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8.550930 - BACH, J.S.: Clavierubung, Part III, Vol. 2 (Rubsam)
Johann Sebastian Bach (1685 - 1750)
Clavierubung III Vol. 2
Johann Sebastian Bach was a member of a family that had for generations been occupied in music. His sons were to continue the tradition, providing the foundation of a new style of music that prevailed in the later part of the eighteenth century. Johann Sebastian Bach himself represented the end of an age, the culmination of the Baroque in a magnificent synthesis of Italian melodic invention, French rhythmic dance forms and German contrapuntal mastery.
Born in Eisenach in 1685, Bach was educated largely by his eldest brother, after the early death of his parents. At the age of eighteen he embarked on his career as a musician, serving first as a court musician at Weimar, before appointment as organist at Arnstadt. Four years later he moved to Mühlhausen as organist and the following year became organist and chamber musician to Duke Wilhelm Ernst of Weimar. Securing his release with difficulty, in 1717 he was appointed Kapellmeister to Prince Leopold of Anhalt-Cöthen and remained at Cöthen until 1723, when he moved to Leipzig as Cantor at the School of St. Thomas, with responsibility for the music of the five principal city churches. Bach was to remain in Leipzig until his death in 1750.
As a craftsman obliged to fulfil the terms of his employment, Bach provided music suited to his various appointments. It was natural that his earlier work as an organist and something of an expert on the construction of organs, should result in music for that instrument. At Cöthen, where the Pietist leanings of the court made church music unnecessary, he provided a quantity of instrumental music for the court orchestra and its players. In Leipzig he began by composing series of cantatas for the church year, later turning his attention to instrumental music for the Collegium musicum of the University, and to the collection and ordering of his own compositions.
The Organ Mass continues with the Our Father, Vater unser im Himmelreich (Our Father in Heaven). Here a much ornamented subject appears immediately in the upper part, to be imitated by the second voice. The chorale melody itself is presented in canon between the upper part and the fourth of the five voices. There is a shorter alternative working of the Vater unser, for manuals, its melody in the upper part.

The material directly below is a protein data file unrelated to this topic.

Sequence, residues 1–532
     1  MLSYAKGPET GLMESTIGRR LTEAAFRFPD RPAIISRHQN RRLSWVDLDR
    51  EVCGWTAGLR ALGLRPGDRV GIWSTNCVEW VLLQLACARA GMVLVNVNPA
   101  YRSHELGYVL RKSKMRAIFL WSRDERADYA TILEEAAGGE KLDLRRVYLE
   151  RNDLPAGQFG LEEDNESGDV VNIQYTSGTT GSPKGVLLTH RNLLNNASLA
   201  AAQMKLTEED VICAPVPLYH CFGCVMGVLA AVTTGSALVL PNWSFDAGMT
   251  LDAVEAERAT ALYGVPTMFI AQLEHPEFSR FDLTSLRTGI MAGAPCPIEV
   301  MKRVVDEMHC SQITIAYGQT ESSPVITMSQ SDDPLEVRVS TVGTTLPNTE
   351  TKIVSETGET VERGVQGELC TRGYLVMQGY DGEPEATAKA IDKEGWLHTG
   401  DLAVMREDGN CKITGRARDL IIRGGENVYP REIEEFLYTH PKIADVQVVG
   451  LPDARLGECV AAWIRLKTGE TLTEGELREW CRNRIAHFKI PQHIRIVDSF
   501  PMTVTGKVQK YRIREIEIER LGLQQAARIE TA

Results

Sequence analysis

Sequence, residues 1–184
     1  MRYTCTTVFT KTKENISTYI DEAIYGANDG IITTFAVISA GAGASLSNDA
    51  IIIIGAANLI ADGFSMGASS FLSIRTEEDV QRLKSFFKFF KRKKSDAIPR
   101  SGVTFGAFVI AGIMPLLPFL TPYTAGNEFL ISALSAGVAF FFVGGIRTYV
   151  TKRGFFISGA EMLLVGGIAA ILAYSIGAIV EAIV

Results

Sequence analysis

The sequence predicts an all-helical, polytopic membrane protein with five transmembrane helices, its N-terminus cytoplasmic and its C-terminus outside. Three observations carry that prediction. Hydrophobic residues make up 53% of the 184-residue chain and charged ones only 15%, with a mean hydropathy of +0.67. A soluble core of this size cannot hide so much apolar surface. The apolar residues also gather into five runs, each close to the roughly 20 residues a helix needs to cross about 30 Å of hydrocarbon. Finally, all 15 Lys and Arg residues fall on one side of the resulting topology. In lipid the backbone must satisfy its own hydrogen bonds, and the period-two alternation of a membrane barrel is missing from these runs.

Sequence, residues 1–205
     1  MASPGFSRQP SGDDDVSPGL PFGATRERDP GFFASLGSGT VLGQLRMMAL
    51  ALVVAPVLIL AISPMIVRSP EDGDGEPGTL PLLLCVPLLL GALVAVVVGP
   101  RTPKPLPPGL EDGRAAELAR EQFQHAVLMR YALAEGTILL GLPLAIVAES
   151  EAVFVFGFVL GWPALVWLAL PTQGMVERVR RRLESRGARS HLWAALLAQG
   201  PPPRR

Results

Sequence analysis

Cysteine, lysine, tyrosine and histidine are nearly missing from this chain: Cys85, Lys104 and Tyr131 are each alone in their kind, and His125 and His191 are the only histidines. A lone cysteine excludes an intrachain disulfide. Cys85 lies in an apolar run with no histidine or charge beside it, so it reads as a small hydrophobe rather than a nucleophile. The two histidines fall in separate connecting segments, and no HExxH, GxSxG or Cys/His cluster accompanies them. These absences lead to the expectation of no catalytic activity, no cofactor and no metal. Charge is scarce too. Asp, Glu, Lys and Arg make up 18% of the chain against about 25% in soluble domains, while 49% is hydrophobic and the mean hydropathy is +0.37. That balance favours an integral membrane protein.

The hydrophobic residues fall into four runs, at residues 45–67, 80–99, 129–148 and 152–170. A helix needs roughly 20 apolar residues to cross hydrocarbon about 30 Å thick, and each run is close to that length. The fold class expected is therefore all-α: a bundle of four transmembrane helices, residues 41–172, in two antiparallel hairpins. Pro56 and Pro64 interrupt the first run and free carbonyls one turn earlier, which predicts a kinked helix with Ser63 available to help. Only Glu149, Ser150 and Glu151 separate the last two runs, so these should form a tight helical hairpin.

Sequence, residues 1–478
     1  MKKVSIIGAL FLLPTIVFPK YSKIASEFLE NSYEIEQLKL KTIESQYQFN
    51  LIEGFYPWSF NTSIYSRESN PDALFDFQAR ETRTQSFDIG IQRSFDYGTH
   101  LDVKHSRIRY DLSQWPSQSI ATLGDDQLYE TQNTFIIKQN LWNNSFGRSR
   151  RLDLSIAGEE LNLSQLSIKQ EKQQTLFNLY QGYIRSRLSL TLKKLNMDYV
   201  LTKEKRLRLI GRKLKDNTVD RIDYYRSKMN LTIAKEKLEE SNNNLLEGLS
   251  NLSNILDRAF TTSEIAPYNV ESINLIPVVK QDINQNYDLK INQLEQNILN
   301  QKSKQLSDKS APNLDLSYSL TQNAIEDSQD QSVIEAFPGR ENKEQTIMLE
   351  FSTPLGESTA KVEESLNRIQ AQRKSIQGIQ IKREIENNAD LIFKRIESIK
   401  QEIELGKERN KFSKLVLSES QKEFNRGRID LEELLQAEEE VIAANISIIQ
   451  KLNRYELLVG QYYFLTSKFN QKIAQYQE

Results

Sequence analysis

Christ, unser Herr, zum Jordan kam (Christ our Lord to Jordan came) presents the theme in the pedals, against a three-voice contrapuntal texture. A second version, for manuals only, starts with the original melody, which is then heard inverted in the bass.
The De profundis, Aus tiefer Not schrei' ich zu dir (Out of the deep have I called) is written in a massive six-voice texture, for full organ, with two parts in the pedals and a second chorale subject introduced by the alto, after the statement of the initial subject by the fourth voice. A less complex version for manuals follows, the opening subject answered in inversion before the chorale melody appears in the upper part.
Jesus Christus, unser Heiland, der von uns den Zom Gottes wandt (Jesus Christ, our Saviour, who turned from us the wrath of God) opens with a contrapuntal subject of wide leaps, the first four bars offering tenth, octave and sixth on an ascending bass line. A lower second voice answers this. The re-appearance of the subject in the upper part accompanies the cantus firmus, which is now heard in the pedals. The opening figure, either in its original form or in inversion, remains of importance in the following texture. The subject for the following fugue is closely related to the chorale melody and is worked out in four voices, to be played on the manuals.
The four Duets that follow in the third volume of the Clavierübung have enjoyed an independent existence as material not only for keyboard players, but also for duettists on a variety of other instruments. The title Duetto means a two-voice texture, in the manner of a two-part invention. The first, in E minor, opens with a rapid scale in the upper part, while the lower part introduces a descending figure in octave leaps, before roles are reversed. The second, in F major, offers a less elaborate subject in the upper part, answered in the dominant, to re-appear in various keys, on occasions overlapping in stretto. The opening section is repeated in conclusion. The G major third duet of the series is in compound rhythm, worked out as a two-part invention, to be followed by a final duet in A minor, in which the lower voice introduces an extended subject, answered by the upper part and then treated in a variety of ways, together with material derived from later episodes.
The collection ends with the great five-voice Fugue in E flat major: The third voice offers the subject, answered by the fourth, followed by the first and second voices and finally, on the pedals, by the fifth. A more elaborate second subject is introduced, in 6/4, and when that has been worked out a third subject appears, now in 12/8, diverse elements brought together in one of the greatest of Bach's organ fugues.